Berkeley Legal | Requirements for Registration of Securities with the Securities and Exchange Commission in Nigeria
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19 Sep Requirements for Registration of Securities with the Securities and Exchange Commission in Nigeria

The Securities and Exchange Commission (“SEC” or “Commission”) is the main regulatory institution for the Nigerian capital market, established under the Investment and Securities Act, 2007 (ISA). It is supervised by the Federal Ministry of Finance. As part of its regulatory functions, the SEC maintains surveillance over the Nigerian Stock Exchange (NSE)[1]  , in order to ensure orderly and equitable dealings in securities, and to protect the market against insider trading abuses. The SEC prescribes Rules and Regulation which enables it to efficiently discharge its duties in pursuance of its objectives.


ISA provides that all securities of a public company and all securities or investments of a collective investment scheme shall be registered with the SEC under the terms and condition contained in the ISA and as may be supplemented by regulations prescribed by the SEC from time to time.[2]

The issuer of the securities shall file with the SEC a registration statement which shall be signed by each issuer, its chief executive officer, its principal financial officer and every person named as a member of the Board of Directors or persons performing similar functions. In case the issuer is a foreign person, the registration statement shall be signed by its duly authorised representative in Nigeria.[3]

Except the securities or investments of a public company or collective investment scheme are registered with the commission, they shall not be issued, transferred, sold or offered for subscription by or sale to the public. Anyone who contravenes this provision commits an offence and is liable on conviction to a fine or to a term of imprisonment or to both.[4] The Commission may also impose a penalty in lieu of prosecution for this contravention. Securities may be transferred electronically or by any other approved means through any securities exchange or capital point.[5]


A capital market operator registered by the Commission shall keep a register of wherein it shall enter the particulars of the securities in which it   has interest and such interests shall be entered in the register within seven days of the acquisition.[6] Any  changes that are not prescribed in the registered security interests must also be notified to the Commission.[7]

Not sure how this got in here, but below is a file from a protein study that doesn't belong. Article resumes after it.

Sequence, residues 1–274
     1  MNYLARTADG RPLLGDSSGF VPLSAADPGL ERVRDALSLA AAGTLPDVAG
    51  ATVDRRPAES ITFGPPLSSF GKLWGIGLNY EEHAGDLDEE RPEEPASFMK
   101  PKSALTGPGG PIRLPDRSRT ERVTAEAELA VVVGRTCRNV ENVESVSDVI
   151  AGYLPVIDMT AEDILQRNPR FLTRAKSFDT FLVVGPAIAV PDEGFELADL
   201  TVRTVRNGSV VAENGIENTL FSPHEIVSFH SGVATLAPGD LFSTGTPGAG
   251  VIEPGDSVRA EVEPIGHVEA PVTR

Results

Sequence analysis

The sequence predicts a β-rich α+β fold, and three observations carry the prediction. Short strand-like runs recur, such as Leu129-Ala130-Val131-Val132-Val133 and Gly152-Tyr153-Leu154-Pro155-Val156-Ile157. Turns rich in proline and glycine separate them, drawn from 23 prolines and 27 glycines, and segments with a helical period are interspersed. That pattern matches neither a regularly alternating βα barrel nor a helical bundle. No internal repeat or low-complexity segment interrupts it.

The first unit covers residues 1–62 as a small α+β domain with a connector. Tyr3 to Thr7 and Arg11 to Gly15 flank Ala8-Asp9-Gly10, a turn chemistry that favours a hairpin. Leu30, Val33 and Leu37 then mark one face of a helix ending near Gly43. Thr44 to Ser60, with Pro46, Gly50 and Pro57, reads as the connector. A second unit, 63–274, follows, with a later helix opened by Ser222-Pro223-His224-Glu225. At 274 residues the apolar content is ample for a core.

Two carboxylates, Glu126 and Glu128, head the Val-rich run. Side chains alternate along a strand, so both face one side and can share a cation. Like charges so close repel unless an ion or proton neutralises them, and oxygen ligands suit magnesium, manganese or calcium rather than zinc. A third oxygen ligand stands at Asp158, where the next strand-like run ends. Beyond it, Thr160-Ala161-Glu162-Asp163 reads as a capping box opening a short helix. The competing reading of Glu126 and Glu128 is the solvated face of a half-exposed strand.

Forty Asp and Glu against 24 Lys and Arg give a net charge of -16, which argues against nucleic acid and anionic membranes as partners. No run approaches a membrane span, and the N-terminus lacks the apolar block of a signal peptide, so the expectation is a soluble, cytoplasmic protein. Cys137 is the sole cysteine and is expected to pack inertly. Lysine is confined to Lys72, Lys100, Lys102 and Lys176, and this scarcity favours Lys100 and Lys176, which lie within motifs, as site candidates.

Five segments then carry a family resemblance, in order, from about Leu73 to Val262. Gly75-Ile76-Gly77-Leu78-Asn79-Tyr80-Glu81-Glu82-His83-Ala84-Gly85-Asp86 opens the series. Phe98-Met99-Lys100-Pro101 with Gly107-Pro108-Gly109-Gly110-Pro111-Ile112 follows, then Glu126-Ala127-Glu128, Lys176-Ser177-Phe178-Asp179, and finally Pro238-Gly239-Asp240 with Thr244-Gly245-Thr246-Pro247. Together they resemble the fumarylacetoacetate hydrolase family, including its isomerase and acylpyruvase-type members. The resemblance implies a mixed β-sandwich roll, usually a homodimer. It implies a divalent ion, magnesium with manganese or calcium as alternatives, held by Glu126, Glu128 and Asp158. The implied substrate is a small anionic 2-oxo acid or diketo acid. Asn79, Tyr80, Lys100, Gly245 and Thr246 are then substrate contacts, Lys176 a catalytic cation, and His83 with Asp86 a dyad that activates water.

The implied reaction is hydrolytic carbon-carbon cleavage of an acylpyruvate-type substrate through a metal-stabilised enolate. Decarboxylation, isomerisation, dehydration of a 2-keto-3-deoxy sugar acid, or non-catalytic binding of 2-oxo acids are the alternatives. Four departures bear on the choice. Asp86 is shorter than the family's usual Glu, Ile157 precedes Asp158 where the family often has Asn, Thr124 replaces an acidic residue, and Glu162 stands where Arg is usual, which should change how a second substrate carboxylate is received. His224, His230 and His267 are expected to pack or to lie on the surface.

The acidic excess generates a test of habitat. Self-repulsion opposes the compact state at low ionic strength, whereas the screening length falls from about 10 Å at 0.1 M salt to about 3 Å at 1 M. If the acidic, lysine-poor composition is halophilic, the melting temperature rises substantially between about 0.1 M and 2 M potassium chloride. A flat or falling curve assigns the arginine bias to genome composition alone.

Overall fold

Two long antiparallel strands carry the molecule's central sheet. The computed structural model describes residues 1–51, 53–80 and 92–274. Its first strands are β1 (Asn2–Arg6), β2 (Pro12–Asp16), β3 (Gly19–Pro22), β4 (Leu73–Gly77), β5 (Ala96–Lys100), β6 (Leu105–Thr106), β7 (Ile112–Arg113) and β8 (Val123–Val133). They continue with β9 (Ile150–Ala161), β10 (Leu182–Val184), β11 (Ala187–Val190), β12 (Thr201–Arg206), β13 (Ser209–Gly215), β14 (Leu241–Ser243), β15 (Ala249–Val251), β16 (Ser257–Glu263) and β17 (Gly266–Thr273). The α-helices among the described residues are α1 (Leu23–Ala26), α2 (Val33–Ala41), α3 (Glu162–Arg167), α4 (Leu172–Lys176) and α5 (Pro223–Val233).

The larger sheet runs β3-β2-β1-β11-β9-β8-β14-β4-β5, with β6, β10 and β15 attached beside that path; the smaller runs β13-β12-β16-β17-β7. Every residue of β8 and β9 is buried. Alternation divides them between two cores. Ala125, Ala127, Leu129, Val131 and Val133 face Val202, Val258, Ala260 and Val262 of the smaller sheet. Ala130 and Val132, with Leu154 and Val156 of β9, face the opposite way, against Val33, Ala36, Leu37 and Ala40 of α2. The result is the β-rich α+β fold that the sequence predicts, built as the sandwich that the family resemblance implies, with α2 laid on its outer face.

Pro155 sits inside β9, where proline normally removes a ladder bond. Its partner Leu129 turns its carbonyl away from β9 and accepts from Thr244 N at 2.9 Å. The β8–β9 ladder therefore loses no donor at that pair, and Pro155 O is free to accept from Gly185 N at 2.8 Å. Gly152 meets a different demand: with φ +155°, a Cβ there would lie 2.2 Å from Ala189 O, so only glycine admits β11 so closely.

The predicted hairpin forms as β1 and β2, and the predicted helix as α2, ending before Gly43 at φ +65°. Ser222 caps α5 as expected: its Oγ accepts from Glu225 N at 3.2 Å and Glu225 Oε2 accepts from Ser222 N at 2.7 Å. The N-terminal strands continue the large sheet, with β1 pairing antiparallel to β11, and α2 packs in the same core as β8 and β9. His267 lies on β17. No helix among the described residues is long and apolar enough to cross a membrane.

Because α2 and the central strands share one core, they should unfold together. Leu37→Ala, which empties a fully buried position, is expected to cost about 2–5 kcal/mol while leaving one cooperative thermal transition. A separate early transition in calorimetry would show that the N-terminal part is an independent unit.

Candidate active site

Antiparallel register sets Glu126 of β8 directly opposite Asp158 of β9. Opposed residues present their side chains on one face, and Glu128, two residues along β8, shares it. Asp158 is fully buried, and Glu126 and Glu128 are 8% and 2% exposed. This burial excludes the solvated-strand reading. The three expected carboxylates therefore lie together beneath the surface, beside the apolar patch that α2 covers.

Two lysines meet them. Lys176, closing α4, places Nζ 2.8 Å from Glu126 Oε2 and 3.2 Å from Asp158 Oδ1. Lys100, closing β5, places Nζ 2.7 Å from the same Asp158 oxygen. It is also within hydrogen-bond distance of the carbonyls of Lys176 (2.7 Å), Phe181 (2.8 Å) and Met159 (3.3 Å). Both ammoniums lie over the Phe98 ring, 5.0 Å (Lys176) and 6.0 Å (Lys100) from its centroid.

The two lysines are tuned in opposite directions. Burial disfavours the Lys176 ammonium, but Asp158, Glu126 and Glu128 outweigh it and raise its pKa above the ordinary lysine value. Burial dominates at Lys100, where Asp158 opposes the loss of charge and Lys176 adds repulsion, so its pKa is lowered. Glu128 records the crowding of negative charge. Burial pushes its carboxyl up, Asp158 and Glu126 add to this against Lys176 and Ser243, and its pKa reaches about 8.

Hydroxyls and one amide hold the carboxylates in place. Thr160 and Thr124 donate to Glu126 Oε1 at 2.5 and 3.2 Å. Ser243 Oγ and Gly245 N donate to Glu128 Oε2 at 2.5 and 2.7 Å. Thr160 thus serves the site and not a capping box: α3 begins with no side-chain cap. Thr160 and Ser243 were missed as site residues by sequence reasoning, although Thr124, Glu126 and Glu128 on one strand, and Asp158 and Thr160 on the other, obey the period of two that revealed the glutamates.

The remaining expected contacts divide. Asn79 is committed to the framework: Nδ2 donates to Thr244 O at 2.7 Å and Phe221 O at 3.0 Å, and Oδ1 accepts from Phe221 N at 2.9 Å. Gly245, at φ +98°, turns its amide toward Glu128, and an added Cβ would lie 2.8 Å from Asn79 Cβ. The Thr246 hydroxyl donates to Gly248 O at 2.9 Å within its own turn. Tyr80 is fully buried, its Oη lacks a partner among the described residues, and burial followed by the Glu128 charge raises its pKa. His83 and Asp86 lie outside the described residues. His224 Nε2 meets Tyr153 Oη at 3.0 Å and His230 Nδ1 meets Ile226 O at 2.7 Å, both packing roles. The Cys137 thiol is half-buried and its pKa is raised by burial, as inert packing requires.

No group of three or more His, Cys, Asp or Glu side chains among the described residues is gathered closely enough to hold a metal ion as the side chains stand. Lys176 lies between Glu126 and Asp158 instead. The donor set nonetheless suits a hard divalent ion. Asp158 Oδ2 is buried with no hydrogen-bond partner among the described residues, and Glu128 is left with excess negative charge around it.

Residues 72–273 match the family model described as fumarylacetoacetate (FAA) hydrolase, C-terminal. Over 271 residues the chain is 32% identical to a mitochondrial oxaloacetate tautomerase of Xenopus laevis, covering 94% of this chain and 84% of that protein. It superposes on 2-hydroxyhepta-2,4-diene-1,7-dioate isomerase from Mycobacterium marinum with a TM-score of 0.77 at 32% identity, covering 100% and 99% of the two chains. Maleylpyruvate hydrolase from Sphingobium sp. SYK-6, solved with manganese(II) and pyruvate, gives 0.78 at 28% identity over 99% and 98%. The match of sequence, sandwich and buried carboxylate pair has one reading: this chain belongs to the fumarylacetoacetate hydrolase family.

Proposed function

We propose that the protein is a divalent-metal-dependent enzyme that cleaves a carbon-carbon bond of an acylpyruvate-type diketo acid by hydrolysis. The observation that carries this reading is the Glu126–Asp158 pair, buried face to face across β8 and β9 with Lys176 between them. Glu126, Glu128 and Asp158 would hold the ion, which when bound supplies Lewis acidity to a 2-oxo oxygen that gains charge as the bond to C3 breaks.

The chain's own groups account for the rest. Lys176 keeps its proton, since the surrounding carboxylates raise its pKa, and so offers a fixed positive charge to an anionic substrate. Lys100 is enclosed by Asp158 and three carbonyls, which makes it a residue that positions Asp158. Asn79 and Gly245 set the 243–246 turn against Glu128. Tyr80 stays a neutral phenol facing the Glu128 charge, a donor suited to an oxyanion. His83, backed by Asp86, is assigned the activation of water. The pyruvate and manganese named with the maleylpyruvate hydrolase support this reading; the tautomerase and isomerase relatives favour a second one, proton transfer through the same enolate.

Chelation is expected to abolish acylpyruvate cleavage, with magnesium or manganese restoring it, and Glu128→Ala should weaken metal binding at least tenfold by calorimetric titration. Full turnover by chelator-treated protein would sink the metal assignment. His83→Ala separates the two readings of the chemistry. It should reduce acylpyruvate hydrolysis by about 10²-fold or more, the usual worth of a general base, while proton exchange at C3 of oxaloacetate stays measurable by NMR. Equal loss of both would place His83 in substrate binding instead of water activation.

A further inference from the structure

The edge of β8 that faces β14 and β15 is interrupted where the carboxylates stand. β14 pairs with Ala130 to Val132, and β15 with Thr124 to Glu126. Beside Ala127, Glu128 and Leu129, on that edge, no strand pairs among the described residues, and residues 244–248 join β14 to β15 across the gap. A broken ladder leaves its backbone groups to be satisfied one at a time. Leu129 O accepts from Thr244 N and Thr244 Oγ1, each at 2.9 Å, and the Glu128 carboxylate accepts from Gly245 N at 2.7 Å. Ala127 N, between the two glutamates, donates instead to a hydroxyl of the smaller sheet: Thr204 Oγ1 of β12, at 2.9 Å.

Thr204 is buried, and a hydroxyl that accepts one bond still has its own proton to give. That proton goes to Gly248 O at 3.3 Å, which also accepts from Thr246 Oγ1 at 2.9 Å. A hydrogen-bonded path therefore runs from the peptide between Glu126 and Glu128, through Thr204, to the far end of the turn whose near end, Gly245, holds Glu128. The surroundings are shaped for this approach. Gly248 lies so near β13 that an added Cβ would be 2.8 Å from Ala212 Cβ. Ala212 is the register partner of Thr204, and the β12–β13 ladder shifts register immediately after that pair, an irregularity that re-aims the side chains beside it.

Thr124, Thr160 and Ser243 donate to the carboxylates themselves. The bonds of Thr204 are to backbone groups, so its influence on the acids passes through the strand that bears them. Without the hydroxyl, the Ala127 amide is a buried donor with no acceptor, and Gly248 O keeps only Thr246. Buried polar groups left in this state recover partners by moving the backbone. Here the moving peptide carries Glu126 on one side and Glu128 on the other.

The commission may require a person to produce the register for inspection and may take extracts from it.[8] Notice of the register must be given to the Commission, in a prescribed form, of particulars relating to the register, including the location of the register.


Rule 279(1) and (2) of the Security and Exchange Commission Rules and Regulations, 2003 provides that all securities of public companies and other entities (such as investment trust companies, other collective investment schemes, government and its agencies and supranational bodies) shall be registered by the Commission.

Securities subject to registration by the Commission may be offered to the public through an offer for subscription/sale, rights issue, bonus issue, debt-equity conversion, private placement, offer by introduction, debenture/loan stock, government bonds or Sukuk.

Registration of some of these modes of offering may have some peculiarities. However, generally, to register a security the issuer shall file an application on FORM SEC 6 as provided in Schedule III to the SEC Rules.[9] The application must be accompanied by several documents, including but not limited to the following:

  • A copy of the Board and Shareholders’ resolutions authorizing the offer duly certified by the Corporate Affairs Commission;